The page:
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Introduction to Archaeology
and the Central Artery Project



Boston's Big Dig is the largest federally funded highway construction project in the United States. The project includes replacing the elevated Southeast Expressway (I-93) with an underground tunnel and constructing a third tunnel across Boston Harbor to Logan Airport. When completed, the Central Artery will be one of the most modern highway systems in the world, but in the archaeological sense it is a "Highway to the Past."

It may seem surprising that archaeology is a component of the "Big Dig." In fact, all federally sponsored construction projects must consider the effects they may have on archaeological sites. The Central Artery passes through several Boston neighborhoods and in a few places significant archaeological sites were in its path. That is how the Central Artery turned out to be a "highway to the past" as well as to the future.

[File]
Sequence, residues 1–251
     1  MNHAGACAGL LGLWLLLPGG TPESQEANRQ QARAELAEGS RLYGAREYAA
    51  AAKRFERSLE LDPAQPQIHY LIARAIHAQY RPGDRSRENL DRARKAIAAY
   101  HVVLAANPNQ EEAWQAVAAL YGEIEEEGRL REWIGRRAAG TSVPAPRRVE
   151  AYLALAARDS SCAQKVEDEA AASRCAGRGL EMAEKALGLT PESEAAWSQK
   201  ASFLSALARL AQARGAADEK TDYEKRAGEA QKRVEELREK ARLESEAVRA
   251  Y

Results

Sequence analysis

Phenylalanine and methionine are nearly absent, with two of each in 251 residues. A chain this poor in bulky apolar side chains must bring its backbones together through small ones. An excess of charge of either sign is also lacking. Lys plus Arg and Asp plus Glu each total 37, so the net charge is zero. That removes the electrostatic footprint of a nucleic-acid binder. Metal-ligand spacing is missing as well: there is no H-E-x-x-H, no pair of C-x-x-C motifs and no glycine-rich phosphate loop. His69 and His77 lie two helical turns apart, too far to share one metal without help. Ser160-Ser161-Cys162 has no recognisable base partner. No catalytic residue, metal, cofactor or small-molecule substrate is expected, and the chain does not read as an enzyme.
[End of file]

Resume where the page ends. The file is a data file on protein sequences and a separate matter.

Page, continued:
In order to preserve the remains of these neighborhoods for future study and enjoyment, archaeologists excavated several significant sites. As archaeologists removed the layers of soil, they revealed more than 7,000 years of Boston's prehistory and history. As you stroll through the gallery you will explore four of Boston's neighborhoods: Charlestown, the North End, South Boston, and the area of Massachusetts Bay. The sites document the daily struggle to provide food, clothing, and shelter for the family, as well as the effort to find a little time for rest and recreation. Whether the excavations evoke images of Native Americans spending a fall afternoon on Spectacle Island, a Puritan learning to bowl, or a glass blower toiling in front of a hot furnace, each story provides a fascinating glimpse into the past. Through archaeology these unwritten stories come to life.

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